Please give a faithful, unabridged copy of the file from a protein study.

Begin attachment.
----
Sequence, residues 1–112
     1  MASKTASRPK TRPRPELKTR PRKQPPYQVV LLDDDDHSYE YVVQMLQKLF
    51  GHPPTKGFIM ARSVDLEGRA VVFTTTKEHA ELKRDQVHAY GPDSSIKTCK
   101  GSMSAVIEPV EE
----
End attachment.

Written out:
Sequence, residues 1–112
     1  MASKTASRPK TRPRPELKTR PRKQPPYQVV LLDDDDHSYE YVVQMLQKLF
    51  GHPPTKGFIM ARSVDLEGRA VVFTTTKEHA ELKRDQVHAY GPDSSIKTCK
   101  GSMSAVIEPV EE